West Jackson’s Washington Addition neighborhood is featured in the October 2010 issue of Planning Magazine. The article covers a pilot neighborhood gardening program that was initiated this past summer by Jackson State University’s Center for University-Based Development and the USDA Natural Resources Conservation Service. Students from the Kids Kollege Summer Program at Jackson State also came by to pitch in. This neighborhood gardens, both located on Booker Street, ultimately produced cucumbers, purple hull peas, squash, tomatoes, and okra that were available for free to the residents who maintained the garden. For more information on the gardens, contact Ms. Mildred Martin, Project Assistant, at (601) 979-5835 or firstname.lastname@example.org.
Article and additional pictures:
USDA Teams Up With Jackson State on Community Gardens
(as appears in the October 2010 issue of Planning Magazine, an American Planning Association publication)
Vacant properties in the Washington Addition neighborhood of Jackson, Mississippi, are narrow but deep, posing an obstacle in revitalizing the blighted community. But this year, local and federal groups had an idea that beautifies while providing components of a healthy diet for residents.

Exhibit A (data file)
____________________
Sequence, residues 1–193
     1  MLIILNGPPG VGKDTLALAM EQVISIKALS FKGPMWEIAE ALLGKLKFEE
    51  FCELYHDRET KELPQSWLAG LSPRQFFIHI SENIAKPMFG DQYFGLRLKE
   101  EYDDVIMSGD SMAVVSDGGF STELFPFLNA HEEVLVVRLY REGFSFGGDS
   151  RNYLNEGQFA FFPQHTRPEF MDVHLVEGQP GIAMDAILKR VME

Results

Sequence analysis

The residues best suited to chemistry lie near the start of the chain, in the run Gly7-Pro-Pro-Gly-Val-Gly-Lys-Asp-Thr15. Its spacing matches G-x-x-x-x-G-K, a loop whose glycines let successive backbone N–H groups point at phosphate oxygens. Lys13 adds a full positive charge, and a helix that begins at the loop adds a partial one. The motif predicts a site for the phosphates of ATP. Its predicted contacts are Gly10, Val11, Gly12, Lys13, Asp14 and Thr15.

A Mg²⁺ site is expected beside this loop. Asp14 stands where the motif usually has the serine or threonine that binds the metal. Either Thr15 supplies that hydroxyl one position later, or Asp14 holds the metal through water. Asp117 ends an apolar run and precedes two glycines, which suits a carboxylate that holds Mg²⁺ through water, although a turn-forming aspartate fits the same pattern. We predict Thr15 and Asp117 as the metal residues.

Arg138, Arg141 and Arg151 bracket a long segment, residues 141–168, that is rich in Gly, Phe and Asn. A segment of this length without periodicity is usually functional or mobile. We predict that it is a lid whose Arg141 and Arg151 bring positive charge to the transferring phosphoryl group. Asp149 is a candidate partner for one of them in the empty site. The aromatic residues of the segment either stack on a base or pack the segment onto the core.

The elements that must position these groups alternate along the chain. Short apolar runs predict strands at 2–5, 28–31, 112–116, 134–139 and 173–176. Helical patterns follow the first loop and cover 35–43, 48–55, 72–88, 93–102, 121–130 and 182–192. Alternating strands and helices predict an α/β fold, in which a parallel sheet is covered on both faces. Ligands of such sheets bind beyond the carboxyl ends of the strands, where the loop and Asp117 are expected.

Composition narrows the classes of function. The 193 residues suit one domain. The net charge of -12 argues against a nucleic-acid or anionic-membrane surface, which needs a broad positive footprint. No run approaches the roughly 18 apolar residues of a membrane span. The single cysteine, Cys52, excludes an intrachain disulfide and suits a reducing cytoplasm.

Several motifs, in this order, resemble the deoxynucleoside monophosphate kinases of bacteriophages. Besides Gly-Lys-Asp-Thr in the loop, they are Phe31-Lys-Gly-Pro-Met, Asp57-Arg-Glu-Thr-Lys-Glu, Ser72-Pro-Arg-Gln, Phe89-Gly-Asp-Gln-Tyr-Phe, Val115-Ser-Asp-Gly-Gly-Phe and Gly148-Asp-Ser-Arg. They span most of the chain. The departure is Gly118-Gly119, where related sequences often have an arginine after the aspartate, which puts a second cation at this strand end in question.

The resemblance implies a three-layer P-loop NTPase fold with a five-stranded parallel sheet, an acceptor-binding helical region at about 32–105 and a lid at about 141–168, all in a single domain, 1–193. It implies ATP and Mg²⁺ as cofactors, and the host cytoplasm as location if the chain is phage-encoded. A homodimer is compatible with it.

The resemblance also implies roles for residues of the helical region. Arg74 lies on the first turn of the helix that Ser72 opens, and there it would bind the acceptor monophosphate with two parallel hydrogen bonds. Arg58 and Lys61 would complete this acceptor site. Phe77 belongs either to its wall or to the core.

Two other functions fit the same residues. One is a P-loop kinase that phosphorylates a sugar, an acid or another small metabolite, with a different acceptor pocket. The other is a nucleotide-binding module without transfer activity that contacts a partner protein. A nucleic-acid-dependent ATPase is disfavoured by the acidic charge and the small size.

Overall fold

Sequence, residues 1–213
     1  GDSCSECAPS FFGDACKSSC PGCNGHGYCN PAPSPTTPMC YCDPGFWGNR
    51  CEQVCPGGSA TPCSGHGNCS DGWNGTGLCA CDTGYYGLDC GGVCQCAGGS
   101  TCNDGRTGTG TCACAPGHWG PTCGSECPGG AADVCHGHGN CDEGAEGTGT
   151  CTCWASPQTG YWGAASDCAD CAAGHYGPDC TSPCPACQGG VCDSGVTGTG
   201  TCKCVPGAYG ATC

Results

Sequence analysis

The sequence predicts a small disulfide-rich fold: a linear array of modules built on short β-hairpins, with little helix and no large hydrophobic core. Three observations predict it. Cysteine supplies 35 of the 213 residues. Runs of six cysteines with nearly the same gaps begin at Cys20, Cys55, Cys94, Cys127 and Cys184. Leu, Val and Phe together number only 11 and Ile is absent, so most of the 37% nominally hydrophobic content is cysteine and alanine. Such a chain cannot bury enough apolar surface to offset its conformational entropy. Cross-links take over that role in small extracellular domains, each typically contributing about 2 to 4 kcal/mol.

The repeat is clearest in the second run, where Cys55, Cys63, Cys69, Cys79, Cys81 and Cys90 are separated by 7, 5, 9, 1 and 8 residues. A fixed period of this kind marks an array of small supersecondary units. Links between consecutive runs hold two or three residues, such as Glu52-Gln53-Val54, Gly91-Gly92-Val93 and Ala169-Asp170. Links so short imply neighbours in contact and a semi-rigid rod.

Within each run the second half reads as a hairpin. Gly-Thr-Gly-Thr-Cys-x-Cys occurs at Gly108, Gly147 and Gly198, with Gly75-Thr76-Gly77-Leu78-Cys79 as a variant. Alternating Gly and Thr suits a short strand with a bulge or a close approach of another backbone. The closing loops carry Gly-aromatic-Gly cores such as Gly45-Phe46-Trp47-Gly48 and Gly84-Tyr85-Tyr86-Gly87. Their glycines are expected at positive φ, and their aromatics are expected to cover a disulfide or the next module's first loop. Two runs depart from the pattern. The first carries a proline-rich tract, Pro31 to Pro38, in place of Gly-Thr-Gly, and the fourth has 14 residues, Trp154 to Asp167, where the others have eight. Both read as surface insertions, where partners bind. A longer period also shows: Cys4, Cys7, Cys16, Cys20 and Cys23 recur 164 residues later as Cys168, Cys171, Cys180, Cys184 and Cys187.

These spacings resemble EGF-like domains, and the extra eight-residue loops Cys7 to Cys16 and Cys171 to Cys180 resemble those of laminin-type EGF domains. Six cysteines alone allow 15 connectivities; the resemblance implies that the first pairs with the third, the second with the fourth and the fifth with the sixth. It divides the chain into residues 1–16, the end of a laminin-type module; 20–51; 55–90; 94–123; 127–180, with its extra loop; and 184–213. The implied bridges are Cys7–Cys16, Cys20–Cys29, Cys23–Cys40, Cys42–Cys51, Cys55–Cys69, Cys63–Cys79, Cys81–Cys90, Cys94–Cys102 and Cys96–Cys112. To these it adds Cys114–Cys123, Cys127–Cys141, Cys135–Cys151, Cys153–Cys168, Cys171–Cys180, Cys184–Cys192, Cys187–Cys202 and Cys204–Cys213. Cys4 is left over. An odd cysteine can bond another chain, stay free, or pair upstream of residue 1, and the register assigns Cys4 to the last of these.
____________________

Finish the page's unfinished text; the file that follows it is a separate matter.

In a first-of-its-kind project, Jackson State University and the U.S. Department of Agriculture’s Natural Resources Conservation Service paired up to transform two vacant 30-by-80-foot lots into gardens planted with okra, squash, peas, and other crops. Residents can harvest the food anytime. The only rule is that they maintain the gardens.
“They turned out really nicely,” project coordinator Mildred Martin of Jackson State says of this summer’s gardens. The university has acquired 80 vacant properties in the neighborhood, and one of her office’s goals is to provide healthy food to residents of a state considered among the most obese in the nation.
“I’ve seen several people get food out of the garden,” says James Earl Jones, a nearby resident who has helped accustom his city-dwelling neighbors to working with the crops. “It has been enjoyable.”
Martin says her office has not measured how much food was yielded, but it was obvious that virtually everything was harvested. The gardens were developed at almost no cost — just a couple of hundred dollars. Volunteers planted them, local farmers lent the tillers, and the NRCS supplied the seeds and the expertise.
Right now, NRCS supports farmers and landowners but does not have an assistance program for urban gardens — something organizer Jeannine May says she hopes will change once federal officials see Jackson’s success. “We would like to see more urban gardens, like these two, sprout around the state and across the country,” she says.
NRCS’s top state official, Homer Wilkes, says the gardens provide a host of benefits, including a chance for residents to work the land. “Sometimes you have to get back to the basics,” he says.
— Justin Fritscher
Fritscher is a reporter for the Clarion-Ledger in Jackson, Mississippi. He studies urban planning at Jackson State University’s School of Policy and Planning.